While we believe "gratuity" is there to reward good service, the reality is servers depend on it given their low hourly wage . . . IMO, this is the best example of pay for performance. If I get really lousy service (where that performance can be directed to the server), I simply don't pay gratuity. If I get exceptional service, I pay 20%++ . . . for "expected" service (adjusted for the type of restaurant and type of service level), 15% is fair.
I am not a fan of mandated gratuity - I see this as promoting a"take it or leave it" service attitude. For gratuity on credit card payments . . . be aware that very little often comes back to the servers after it is all split by many . . . I prefer cash gratuities where I can say "thank you" directly to the person who did an exceptional job to create an incredible experience for me and those I am dining with.
Yes. You can see an example on a restaurant menu here or here (bottom of page).
Turn over Tax
The Turn Over Tax called "Belasting op Bedrijfsomzetten" (BBO) or Business Turnover Tax is an indirect tax, introduced as of January 2007. BBO is levied of the operating revenues realized by entrepeneurs within the framework of their business or profession by the supply of goods and rendering of services in Aruba. The general BBO rate amounts to 1.5%. A reduced rate of 1% is applicable for that part of the operating revenues that has been realized by the export of goods. Furthermore, certain exemptions are applicable. Most of the exemptions are connected with the medical sector, education, tourism and avoiding double taxation.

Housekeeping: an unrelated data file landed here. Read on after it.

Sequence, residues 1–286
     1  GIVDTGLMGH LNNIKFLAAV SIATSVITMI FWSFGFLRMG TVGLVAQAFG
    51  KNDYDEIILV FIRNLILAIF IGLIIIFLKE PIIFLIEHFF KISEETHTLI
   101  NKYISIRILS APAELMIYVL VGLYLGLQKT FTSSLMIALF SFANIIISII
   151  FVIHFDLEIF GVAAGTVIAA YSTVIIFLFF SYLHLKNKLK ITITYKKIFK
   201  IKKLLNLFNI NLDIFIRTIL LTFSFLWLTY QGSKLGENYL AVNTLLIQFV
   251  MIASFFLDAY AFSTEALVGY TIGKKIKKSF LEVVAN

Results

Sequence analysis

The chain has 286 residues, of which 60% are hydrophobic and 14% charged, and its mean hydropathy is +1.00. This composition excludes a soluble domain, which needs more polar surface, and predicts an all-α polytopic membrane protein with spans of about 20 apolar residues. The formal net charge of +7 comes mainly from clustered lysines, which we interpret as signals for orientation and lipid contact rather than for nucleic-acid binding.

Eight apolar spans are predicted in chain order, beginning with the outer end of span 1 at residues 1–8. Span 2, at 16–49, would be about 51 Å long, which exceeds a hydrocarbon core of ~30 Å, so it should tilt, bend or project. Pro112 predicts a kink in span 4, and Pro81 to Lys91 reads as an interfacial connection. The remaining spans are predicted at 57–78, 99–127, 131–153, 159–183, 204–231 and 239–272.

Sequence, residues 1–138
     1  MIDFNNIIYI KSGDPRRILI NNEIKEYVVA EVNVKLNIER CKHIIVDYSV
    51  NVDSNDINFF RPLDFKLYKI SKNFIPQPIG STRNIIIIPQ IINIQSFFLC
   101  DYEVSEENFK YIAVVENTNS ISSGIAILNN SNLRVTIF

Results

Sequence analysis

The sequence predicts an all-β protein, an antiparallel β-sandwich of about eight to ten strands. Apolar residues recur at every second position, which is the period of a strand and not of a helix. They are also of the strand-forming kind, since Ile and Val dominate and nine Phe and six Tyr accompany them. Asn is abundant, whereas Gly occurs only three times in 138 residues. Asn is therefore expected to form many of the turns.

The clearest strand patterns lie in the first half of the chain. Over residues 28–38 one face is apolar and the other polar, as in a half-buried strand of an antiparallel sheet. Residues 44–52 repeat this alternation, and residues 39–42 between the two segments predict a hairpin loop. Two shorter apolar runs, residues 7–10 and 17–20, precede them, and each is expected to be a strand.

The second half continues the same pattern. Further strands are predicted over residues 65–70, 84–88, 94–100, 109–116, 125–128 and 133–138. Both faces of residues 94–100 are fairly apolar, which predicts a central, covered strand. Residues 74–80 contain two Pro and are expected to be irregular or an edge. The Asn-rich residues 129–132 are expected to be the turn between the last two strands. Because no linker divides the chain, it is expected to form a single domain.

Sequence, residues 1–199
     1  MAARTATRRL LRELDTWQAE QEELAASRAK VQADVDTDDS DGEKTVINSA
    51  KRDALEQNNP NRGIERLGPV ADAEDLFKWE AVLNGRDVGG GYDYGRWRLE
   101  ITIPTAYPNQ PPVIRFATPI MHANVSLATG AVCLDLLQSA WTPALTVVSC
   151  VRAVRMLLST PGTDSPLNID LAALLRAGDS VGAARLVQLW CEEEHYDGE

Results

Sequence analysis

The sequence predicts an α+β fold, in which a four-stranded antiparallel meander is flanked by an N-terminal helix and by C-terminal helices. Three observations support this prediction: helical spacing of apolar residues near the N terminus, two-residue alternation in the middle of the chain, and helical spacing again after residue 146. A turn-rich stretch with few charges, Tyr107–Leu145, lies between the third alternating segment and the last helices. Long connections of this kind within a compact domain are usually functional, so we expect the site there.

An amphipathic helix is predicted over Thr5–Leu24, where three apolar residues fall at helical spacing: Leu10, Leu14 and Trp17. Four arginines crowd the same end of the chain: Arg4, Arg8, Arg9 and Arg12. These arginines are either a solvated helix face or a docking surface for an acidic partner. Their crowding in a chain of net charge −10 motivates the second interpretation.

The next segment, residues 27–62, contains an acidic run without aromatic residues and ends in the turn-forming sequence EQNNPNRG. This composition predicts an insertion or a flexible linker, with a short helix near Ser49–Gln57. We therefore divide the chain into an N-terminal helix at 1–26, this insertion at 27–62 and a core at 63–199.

BBO Tax (SalesTax)
"...A surcharge of 3% is added to all your purchases made on Aruba. It is either included in your pricing or is added as a surcharge to your final purchase amount....Since the first of January 2010 the BBO has been reduced to 1.5%. So a surcharge of 1.5% is added to all your purchases made in Aruba."
Subject to turnover tax (“belasting op bedrijfsomzetten”), hereinafter: BBO, are entrepreneurs that in the course of their enterprise supply goods or render services in Aruba. The taxable base consists of all remunerations (in cash or in kind) received by the entrepreneur for the supply of goods or the rendering of services. The rate is, as per January 1, 2010, set on 1.5% (before: 3%).
Transitional regulation regarding rate change
As per January 1, 2010, the rate has been decreased from 3% to 1.5%. For entrepreneurs using an invoice/accrual based system for the BBO, the BBO is due on the date of issuing the invoice. In case of goods sold and/or services rendered in December 2009, 1.5% BBO is due and should be paid no later than January 15, 2010.
For cash based entrepreneurs, the change of the normal BBO rate per January 1, 2010 of 1.5% implies that on all receipts as of January 1, 2010, regardless of the year in which the good was sold or the service was rendered, 1.5% BBO is due.
the really sad thing about it all is that the server is the one affected by the 15% tacked on to the bill....he/she may not get anything because the restaurant chose to add that on to the bill.....we do take into consideration whether or not to leave an additional gratuitity but make sure we give cash to the server...hoping they keep it to themselves and not put it into the community tip jar....which, is another issue altogether...